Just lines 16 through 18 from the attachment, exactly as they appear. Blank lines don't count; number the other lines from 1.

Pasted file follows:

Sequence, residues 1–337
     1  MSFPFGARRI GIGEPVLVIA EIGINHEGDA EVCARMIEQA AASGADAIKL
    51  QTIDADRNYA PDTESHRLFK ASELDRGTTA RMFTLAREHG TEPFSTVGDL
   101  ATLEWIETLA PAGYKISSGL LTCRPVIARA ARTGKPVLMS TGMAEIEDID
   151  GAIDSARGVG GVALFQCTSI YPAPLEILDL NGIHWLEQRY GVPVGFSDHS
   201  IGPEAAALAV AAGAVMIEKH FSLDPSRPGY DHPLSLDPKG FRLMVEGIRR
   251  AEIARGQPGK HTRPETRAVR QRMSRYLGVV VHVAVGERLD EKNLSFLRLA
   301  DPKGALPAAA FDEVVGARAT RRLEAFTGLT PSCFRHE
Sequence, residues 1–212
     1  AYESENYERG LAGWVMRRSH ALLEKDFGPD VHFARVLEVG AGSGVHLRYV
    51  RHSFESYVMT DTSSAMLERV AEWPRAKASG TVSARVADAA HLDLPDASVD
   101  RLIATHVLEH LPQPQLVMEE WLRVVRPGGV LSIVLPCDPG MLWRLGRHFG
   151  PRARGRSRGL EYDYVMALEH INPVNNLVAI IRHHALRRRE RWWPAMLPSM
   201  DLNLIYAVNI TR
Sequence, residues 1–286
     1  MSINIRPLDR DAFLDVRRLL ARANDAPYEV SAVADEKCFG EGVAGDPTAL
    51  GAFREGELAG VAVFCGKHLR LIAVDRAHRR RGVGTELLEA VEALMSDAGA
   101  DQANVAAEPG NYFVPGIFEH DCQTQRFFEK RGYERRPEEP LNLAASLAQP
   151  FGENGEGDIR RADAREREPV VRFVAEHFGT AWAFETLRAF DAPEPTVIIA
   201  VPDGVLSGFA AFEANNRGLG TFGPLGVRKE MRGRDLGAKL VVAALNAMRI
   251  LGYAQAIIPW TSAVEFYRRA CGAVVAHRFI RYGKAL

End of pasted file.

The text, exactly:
     1  MSINIRPLDR DAFLDVRRLL ARANDAPYEV SAVADEKCFG EGVAGDPTAL
    51  GAFREGELAG VAVFCGKHLR LIAVDRAHRR RGVGTELLEA VEALMSDAGA
   101  DQANVAAEPG NYFVPGIFEH DCQTQRFFEK RGYERRPEEP LNLAASLAQP